During World War II, Americans grew “Victory Gardens” in an attempt to supplement food supplies that were diminished due to the war efforts. The extra fruits and vegetables added nutrients to the tables of millions of families and became a dependable source of food in troubled times.
Today, many families are following that lead and growing survival gardens designed to contribute to food supply during prosperous as well as lean times. Survival gardens can also be a cache of seeds and gardening supplies that could be planted in an extreme survival scenario when families must be self-sufficient.
Learning the basics of a survival garden can help you ensure that you’ll harvest a bumper crop each year and take a step ever closer to becoming self-sufficient, whether from today’s garden or one in an emergency.
Where to Put Your Survival GardenChoosing the best spot for your survival garden means you must look at a range of factors that contribute to the best growing conditions for your plants. Look for an area in your yard that gets lots of sun or at least partial sun. Avoid areas where there is shade for most of the day. Examine the soil to see if some areas are rockier than others, or seem to contain more clay or sand. Preferably, the soil should be dark, crumbly and relatively rock free. Finally, see how your garden spot sits in relation to water. Don’t put it too far from the hose or other water source.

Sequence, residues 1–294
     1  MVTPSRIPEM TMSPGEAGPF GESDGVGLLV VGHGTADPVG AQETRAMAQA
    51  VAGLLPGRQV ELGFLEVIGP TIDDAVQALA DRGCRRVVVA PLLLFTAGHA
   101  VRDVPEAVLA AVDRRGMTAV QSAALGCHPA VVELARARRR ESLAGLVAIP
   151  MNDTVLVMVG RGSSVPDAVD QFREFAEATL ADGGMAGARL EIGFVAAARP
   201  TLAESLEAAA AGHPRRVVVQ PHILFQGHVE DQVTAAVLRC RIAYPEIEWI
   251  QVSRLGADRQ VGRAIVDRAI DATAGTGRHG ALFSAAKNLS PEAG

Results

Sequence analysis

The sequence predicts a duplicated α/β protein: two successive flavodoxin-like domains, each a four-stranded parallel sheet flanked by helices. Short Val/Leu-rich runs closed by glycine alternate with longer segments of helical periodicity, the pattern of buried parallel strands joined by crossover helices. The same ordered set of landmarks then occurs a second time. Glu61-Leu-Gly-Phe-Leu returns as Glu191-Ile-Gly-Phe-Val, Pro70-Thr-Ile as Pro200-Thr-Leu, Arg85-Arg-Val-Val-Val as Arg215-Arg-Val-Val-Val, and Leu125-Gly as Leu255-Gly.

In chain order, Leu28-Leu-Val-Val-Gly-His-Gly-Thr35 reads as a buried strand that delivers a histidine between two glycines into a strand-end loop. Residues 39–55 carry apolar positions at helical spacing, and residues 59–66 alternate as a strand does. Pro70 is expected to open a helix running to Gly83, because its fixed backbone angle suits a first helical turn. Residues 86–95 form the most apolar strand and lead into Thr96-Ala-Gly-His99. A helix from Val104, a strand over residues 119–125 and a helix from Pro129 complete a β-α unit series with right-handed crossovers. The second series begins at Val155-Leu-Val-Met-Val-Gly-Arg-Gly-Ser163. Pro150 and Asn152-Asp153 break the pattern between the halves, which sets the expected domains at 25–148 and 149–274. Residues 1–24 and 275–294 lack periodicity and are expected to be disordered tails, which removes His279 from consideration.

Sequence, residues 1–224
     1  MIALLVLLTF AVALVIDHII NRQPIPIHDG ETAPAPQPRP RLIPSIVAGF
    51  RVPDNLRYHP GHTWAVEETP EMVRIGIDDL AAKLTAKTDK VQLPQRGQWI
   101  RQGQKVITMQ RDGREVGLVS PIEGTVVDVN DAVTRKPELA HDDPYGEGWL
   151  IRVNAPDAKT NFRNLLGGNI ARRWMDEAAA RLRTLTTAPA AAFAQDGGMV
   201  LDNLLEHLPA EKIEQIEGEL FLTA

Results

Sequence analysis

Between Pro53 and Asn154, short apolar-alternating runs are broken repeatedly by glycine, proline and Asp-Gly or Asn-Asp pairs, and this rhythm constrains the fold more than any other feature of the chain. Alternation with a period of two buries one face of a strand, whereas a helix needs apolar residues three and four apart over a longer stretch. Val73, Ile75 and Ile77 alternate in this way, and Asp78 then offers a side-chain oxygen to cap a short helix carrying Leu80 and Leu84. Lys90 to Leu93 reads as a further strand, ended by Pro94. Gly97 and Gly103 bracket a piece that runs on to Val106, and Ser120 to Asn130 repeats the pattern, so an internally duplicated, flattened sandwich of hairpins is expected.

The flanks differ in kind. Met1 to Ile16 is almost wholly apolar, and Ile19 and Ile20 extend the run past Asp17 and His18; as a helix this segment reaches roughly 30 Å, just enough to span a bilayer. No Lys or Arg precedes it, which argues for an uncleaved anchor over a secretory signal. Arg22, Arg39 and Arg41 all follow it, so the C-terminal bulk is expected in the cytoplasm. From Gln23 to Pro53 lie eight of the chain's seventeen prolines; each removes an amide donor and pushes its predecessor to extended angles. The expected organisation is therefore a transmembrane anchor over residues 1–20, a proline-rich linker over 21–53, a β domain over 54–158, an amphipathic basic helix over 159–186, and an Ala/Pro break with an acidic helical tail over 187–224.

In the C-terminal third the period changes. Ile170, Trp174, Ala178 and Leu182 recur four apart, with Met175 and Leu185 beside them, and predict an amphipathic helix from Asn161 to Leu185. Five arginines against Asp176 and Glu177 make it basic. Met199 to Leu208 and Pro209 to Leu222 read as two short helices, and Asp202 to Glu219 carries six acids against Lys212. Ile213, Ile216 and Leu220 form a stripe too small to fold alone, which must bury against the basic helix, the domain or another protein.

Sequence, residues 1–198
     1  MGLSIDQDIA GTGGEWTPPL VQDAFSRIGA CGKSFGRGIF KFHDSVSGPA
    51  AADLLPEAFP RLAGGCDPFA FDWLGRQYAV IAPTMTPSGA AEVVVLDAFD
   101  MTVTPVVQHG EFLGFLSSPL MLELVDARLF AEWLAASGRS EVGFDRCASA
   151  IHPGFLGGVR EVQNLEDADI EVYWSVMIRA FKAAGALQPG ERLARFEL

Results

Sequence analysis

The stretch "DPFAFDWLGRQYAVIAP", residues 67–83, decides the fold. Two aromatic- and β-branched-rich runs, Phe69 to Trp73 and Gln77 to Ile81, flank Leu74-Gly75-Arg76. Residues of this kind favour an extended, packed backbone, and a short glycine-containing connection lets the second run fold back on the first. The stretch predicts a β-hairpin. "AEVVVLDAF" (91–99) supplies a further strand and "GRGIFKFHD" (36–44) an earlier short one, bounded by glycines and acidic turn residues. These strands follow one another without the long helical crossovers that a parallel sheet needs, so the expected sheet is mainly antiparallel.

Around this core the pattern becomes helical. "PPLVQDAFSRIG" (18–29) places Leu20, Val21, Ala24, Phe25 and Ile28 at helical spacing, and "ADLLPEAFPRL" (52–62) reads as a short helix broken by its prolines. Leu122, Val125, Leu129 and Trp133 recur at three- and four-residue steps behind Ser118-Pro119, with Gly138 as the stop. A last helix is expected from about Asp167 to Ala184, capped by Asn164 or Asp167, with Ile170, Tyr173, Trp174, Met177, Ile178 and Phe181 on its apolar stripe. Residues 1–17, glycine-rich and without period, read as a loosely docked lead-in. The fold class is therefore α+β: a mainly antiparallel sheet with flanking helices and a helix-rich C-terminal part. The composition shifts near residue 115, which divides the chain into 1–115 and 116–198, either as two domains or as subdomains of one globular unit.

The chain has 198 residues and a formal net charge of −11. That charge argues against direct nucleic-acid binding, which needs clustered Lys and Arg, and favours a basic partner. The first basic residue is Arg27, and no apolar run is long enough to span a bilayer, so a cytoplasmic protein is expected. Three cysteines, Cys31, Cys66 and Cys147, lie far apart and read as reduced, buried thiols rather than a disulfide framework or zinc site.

What to Plant in Your Survival GardenA successful survival garden should contain plants that are hardy and produce a high yield. The plants should also be fairly disease-resistant and contain maximum nutritional value. Some of the best crops for a survival garden include beets, kale, tomatoes, cabbage, onions, radishes, green beans and spinach. Other high calorie crops include sunflower seeds, broccoli, carrots and turnips. Peppers, cucumbers, watermelon, potatoes and pumpkin are other options for your survival garden that are prolific and easy to grow.
Caring for Your Survival GardenGet gardening tips specific to your area from reliable sources, such as your local extension office or garden club. These groups can provide details on what time of year to plant. Prepare the soil by loosening it up with a tiller or by hand. Incorporate amendments like compost or fertilizer. Give your plants at least an inch of water each week and more during hot summer months. Keep weeds at bay by mulching around plants and pulling any that grow too big.
Planting a survival garden isn’t much different than a regular vegetable garden other than the choice of crops. As long as you include enough high-calorie plants and take into account all the soil, weather, pests and rainfall variations of where you live, you can supplement your family’s food supply and save money today, or weather out a tough survival scenario if needed.
Dirk Puckett enjoys writing about camping, outdoor adventures, self-sustaining practices and survival gardening tips.